Wednesday, June 11, 2014


PALO ALTO, Calif. (KGO) -- For 9-year-old Kayla, a recent ride on a surfboard at a special program in Santa Cruz, was something of a miracle. Born with a neuromuscular condition called Myotonic Dystrophy, Kayla has struggled just to walk and develop normal muscle function. Her mom, Lisa Harvey says the fight began just moments after her birth.

"You know, they actually said you can choose to pull life support and I was devastated. And I said, 'We don't even know what this is, let's fight and see what we're dealing with first,'" Harvey remembers.

Kayla's progress is being tracked at a unique clinic at Stanford Hospital. It's set up to study and treat congenital diseases that may stretch back generations. In Kayla's case it's at least three generations, including her mom and grandma, Jane Harvey. Clinic director Dr. John Day says treating the family together allows researchers to better gauge the effectiveness of new therapies.

"If everybody is receiving a different treatment, then when we start to introduce a new treatment modality, it's not going to be clear if it's working," says Day.

Read more and watch the video

Monday, June 9, 2014

Clinical Trials for Myotonic Dystrophy Have Begun

ISIS Pharmaceuticals is developing a drug (ISIS-DMPKRx) to treat Myontonic Dystrophy Type 1 (DM1, also called Steinert’s Diseases). DM1 is a dominantly inherited, degenerative disorder that affects many systems in the body. DM1 is mainly characterized by progressive muscle wasting, weakness, and myotonia, but additional clinical features include early cataracts, cardiac conduction dysfunctions, hypersomnia, gastrointestinal abnormalities, insulin insensitivity, and infertility. DM1 is estimated to affect 1 in 8,000 people worldwide, or approximately 150,000 patients in the US, Europe and Japan. Currently, there are no disease-modifying therapies for patients with DM1 and treatments are intended only to manage symptoms. ISIS-DMPKRx is an antisense drug being developed for the potential treatment of DM1. ISIS-DMPKRx is currently being studied in a Phase 1 study in healthy volunteers to evaluate its safety.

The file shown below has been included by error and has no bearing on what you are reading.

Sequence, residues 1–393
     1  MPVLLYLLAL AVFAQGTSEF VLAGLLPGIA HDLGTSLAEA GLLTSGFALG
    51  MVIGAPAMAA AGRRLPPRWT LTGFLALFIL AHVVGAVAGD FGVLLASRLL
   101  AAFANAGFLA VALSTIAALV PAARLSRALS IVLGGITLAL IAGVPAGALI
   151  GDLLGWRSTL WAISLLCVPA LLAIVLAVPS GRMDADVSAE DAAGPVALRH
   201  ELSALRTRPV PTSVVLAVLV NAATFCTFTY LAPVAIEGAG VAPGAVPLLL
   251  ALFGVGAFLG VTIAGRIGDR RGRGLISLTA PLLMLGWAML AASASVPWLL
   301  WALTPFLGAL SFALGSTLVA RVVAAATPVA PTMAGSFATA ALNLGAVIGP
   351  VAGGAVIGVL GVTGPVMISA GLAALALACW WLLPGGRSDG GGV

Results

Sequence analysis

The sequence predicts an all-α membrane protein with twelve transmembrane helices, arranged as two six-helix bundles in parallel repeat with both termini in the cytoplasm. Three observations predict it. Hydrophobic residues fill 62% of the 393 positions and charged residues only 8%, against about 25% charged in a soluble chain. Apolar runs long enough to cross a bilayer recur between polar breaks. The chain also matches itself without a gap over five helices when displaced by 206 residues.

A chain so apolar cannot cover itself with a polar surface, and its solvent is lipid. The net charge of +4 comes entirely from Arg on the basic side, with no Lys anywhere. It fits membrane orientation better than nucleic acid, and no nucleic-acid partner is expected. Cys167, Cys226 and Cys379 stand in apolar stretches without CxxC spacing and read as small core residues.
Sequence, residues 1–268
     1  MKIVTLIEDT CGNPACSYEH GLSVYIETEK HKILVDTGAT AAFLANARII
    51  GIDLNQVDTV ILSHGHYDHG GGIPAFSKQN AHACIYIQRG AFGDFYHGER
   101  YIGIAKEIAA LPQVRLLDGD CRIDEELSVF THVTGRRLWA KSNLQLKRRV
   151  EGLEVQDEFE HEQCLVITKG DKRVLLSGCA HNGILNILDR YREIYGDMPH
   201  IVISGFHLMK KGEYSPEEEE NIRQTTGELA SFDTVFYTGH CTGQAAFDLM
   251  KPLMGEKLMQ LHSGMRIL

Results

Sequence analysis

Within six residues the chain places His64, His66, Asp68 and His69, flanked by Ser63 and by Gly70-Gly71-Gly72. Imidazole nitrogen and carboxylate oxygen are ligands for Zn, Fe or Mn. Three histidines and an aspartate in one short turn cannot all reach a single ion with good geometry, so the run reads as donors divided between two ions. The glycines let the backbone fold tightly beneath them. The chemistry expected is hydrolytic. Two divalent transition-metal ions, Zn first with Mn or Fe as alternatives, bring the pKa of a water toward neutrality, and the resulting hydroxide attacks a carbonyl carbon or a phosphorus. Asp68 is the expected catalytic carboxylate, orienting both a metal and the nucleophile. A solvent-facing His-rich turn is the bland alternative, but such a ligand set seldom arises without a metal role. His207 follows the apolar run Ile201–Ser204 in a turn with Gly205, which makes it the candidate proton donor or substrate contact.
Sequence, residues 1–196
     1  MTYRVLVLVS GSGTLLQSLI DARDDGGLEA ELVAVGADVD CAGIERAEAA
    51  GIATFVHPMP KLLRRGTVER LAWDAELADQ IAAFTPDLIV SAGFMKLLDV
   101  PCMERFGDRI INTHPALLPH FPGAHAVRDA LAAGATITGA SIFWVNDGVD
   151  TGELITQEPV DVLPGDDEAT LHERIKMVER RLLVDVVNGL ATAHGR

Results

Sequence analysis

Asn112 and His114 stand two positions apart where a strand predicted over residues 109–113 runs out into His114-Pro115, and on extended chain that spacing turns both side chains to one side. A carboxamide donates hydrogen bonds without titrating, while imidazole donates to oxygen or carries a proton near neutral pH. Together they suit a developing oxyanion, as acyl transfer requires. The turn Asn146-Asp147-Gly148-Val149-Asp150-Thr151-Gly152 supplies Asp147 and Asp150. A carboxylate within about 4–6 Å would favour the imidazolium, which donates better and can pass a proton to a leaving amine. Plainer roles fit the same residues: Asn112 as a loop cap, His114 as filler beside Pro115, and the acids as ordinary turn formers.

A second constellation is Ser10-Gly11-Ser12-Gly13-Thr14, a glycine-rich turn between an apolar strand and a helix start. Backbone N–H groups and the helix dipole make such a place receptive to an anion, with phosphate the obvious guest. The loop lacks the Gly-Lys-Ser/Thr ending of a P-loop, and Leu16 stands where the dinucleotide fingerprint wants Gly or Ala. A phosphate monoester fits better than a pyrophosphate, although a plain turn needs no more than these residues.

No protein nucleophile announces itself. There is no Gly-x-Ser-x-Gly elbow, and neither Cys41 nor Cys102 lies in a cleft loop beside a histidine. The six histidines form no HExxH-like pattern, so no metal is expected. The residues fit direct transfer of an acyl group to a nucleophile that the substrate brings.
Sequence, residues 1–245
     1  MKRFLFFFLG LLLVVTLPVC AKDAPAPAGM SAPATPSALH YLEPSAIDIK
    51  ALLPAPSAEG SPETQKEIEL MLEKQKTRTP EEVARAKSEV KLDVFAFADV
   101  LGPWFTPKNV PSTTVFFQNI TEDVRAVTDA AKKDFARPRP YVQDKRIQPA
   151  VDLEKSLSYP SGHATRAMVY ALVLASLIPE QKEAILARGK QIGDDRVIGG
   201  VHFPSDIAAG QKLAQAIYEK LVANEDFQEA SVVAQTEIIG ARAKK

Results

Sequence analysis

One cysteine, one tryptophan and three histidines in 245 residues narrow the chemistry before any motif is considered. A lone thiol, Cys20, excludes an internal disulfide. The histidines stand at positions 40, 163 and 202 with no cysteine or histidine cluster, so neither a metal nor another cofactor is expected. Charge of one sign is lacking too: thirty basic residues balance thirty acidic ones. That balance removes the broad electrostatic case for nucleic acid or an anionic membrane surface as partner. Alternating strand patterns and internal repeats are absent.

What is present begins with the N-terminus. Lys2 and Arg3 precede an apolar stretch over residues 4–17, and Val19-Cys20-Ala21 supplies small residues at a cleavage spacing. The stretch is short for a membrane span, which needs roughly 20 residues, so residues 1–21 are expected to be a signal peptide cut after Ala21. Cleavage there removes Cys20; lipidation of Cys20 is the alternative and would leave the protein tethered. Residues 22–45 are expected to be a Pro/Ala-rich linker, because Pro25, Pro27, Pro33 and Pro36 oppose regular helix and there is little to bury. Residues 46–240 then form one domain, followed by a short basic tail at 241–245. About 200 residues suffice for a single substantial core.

Learn more: print the trial fact sheet